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Combining perennial favourites with wonderful new discoveries, these immediately appealing pieces reflect the much-loved repertoire at the heart of a King’s Singers programme, performed with the skill and flair that distinguishes the group as one of the world’s most popular a cappella ensembles. Includes works by Elgar, Schumann, Schubert and Saint-Saëns, as well as a new piece by popular American composer Libby Larsen.
Five years before O happy eyes entered the world, one of Elgar’s early pieces, Sevillana, was included on the bill for a concert by the ‘orchestral band’ of the Crystal Palace. It stood in company with a waltz by the junior Johann Strauss, a solo by the fashionable south London venue’s resident cornet virtuoso, and Louis Gregh’s tuneful Coquetterie. Elgar, no doubt propelled by the accolade of a Crystal Palace performance, received a further confidence boost when one of his piano pupils accepted his proposal of marriage. Caroline Alice Roberts, daughter of major-general Sir Henry Gee Roberts, known for his part in the ‘effective’ suppression of the Indian Mutiny, inhabited what one biographer has described as a ‘world of letters’. It was also a world of privilege and rigid class distinctions, one to which Elgar, the Roman Catholic son of a shopkeeper was naturally excluded. The couple married, against Roberts family wishes, in May 1889.
As part of their marital union, Elgar set Alice’s poem, O happy eyes in November, revising his partsong in 1894 when the publishing firm of Novello offered three guineas for its copyright. It finally appeared in print in 1907, issued together with Love, a fine setting of Arthur Maquarie’s poem written on the composer’s fiftieth birthday and dedicated to Alice, by now Lady Elgar. ‘I am so glad for Mother’s sake that Father has been knighted,’ the Elgars’ daughter, Carice, is said to have noted. ‘You see—it puts her back where she was.’ Love reflects the blend of craftsmanship and inspiration that had placed Elgar at the summit of Edwardian musical life: both qualities emerge in his treatment of Maquarie’s line ‘Cease to be’, repeated four times in the bass line and richly decorated in the tenor part’s flowing melody.
Few poems have been set with such frequency or variable results in the great repertory of English partsong as Percy Bysshe Shelley’s Music, when soft voices die. Edward Bairstow’s version, for two tenor and two bass parts, is a miniature masterpiece of the partsong genre. The piece, published by Hawkes & Sons in 1929, elevates the virtue of textural simplicity in setting evocative, beautifully turned poetry to music. It also underlines Bairstow’s innate feeling for harmonic colour and its affective powers: listen, for example, to the striking initial chordal shift and subsequent use of unprepared dissonance for ‘Odours, when sweet violets sicken’.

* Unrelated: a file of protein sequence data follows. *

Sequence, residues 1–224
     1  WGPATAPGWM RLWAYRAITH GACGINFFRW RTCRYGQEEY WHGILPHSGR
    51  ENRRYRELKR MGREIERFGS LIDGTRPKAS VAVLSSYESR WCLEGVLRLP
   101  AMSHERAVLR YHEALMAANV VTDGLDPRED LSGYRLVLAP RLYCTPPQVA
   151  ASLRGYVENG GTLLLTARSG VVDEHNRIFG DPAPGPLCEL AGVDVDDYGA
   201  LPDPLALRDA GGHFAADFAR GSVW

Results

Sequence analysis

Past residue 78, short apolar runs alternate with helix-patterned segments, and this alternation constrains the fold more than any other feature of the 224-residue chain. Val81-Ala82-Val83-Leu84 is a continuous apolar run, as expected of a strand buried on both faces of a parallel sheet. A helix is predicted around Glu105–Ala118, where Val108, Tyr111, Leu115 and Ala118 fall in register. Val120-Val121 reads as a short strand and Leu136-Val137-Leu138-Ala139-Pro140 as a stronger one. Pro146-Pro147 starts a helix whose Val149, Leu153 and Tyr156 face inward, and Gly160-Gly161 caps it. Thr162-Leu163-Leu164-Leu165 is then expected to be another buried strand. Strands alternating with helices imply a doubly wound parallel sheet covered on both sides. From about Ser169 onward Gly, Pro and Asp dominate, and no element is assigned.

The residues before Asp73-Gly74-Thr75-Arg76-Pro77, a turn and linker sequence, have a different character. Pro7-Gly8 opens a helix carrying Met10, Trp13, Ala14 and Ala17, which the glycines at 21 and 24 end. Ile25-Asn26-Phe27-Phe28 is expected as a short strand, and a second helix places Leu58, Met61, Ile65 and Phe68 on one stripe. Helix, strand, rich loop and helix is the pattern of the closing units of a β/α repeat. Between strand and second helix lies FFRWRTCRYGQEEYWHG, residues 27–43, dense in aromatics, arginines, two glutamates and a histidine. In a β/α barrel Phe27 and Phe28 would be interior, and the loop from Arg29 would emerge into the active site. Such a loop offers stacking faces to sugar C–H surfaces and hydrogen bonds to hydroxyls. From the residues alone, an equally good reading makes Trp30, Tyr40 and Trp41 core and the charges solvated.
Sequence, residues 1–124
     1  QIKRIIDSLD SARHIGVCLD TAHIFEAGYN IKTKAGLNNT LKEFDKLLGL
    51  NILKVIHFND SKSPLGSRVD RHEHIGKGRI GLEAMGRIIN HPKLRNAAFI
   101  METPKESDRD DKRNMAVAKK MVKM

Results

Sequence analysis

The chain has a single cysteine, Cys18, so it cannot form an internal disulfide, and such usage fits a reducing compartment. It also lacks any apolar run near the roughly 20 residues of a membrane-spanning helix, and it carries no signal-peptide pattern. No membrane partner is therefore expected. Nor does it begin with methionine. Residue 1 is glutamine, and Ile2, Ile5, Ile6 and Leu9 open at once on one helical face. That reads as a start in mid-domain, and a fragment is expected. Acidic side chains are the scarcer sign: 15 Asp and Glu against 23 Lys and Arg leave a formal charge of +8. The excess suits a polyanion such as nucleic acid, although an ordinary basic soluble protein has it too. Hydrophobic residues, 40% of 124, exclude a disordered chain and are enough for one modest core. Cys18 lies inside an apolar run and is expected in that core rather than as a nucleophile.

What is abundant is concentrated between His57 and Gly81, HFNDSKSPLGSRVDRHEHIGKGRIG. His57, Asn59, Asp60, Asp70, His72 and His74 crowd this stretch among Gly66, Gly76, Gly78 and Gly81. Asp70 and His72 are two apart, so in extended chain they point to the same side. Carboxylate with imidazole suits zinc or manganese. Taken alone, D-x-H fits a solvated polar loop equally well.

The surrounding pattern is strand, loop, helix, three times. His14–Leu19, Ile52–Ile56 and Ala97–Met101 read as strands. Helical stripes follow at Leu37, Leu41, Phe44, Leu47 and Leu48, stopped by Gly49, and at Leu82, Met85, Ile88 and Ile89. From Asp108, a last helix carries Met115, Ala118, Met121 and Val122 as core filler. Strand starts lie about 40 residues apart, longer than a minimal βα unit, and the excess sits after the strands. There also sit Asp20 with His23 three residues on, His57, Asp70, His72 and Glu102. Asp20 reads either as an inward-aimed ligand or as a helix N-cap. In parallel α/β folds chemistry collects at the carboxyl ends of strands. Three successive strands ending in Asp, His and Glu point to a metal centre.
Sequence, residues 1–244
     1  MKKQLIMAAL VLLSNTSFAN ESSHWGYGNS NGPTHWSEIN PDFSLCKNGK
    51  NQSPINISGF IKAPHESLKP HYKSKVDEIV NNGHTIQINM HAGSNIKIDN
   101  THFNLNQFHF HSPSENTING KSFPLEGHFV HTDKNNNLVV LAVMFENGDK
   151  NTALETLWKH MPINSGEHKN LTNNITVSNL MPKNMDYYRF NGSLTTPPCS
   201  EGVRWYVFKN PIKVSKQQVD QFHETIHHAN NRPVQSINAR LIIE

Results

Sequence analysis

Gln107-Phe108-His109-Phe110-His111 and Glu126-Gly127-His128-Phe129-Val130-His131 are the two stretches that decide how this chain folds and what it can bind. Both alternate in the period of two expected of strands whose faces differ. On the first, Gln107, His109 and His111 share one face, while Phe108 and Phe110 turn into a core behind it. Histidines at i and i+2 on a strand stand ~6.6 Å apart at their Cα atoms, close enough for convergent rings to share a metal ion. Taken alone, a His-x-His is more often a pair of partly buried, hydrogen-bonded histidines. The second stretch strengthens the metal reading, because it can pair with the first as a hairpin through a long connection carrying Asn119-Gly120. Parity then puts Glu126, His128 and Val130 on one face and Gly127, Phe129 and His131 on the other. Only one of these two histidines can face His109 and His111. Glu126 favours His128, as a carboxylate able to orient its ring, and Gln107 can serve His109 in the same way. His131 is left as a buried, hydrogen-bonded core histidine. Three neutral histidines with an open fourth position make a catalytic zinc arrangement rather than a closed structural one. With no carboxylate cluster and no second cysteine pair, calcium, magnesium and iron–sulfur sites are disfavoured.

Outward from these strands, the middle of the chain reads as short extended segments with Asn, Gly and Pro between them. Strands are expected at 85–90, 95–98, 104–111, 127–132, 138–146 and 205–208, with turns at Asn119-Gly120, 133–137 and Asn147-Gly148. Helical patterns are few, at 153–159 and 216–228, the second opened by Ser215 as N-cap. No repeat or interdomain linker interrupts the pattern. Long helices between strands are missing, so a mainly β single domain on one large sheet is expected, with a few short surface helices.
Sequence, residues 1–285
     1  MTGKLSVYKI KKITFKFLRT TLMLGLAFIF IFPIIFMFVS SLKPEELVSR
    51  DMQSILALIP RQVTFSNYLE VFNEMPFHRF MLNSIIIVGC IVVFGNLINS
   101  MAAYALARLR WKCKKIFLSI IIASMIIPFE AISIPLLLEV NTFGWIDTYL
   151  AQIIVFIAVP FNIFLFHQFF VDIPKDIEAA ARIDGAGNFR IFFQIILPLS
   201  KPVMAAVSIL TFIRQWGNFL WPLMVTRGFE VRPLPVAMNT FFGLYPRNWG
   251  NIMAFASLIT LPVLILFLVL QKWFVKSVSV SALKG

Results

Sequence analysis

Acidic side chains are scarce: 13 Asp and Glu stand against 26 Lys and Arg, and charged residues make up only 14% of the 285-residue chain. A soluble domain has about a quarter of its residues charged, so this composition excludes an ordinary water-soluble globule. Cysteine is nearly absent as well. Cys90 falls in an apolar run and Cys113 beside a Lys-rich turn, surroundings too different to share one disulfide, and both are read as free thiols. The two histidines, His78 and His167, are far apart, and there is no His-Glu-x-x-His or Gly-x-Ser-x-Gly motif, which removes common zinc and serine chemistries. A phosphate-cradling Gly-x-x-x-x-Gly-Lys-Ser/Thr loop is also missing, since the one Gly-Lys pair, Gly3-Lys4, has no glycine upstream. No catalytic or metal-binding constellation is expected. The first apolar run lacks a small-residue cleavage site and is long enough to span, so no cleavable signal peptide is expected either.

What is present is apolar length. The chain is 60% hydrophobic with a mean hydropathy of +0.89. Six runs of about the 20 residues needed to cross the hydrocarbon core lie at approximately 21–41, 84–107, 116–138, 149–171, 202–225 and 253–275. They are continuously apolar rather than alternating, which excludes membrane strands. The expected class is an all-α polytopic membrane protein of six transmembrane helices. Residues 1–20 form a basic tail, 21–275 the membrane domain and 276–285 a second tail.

While the combination of Chorley and Sullivan may not resonate widely today, it counted for much before the more familiar partnership of Gilbert and Sullivan took hold in the 1870s. Henry Fothergill Chorley, undeniably influential as a music critic and relentlessly ineffectual as a novelist and opera librettist, supplied the words for Arthur Sullivan’s Kenilworth in 1864. Although their next venture, an opera originally entitled The sapphire necklace, was never performed, Chorley and Sullivan scored one of the most enduring hits of the Victorian partsong literature following the 1868 publication of The long day closes. The work’s rich harmonic palette, its sonorous scoring for male voices and contemplative reflection on death’s hour satisfied both the market demand for popular secular choral compositions and prevailing vogue for decorous expressions of mourning and grief.
Dictionary definitions of the term partsong generally stress its Anglo-Saxon roots and evolution as a catchall description of short, unaccompanied pieces for choral voices, including everything from 17th and 18th century glees and catches to Arthur Sullivan’s Five Sacred Partsongs of 1871. The rise of the 19th choral society movement, coupled with a revival of interest in music of the past, led to the creation of partsongs by the thousand, many of them styled as ‘madrigals’. Camille Saint-Saëns’ output of secular partsongs fuelled demand from male voice choral societies, the so-called Orphéons, which regularly gathered to compete in festivals held throughout France.
His Sérénade d’hiver, written for choir of four male voice parts in 1867 and published the following year, provided ‘Orphéonistes’ with a delightful showpiece, one that revels in the playful assonance and suggestive lines in Henri Cazalis’ poem. It’s hard to credit that the masked chorus singing so lustily here beneath a lady’s window is solely populated with ‘gentle men, Full of honour and courtesy’! Calme des nuits was published in 1883 as the first of a pair of choruses, its sustained lines, spare textures and stirring emotional gear-shift at ‘L’éclat du soleil’ demanding much of the amateur choirs for which it was intended. The Romance du soir, composed for mixed chorus in 1902 to a text by Jean-Louis Croze, recalls a gentler age disturbed only by heavenly sounds of the ‘evening romance’ and ‘happy children’.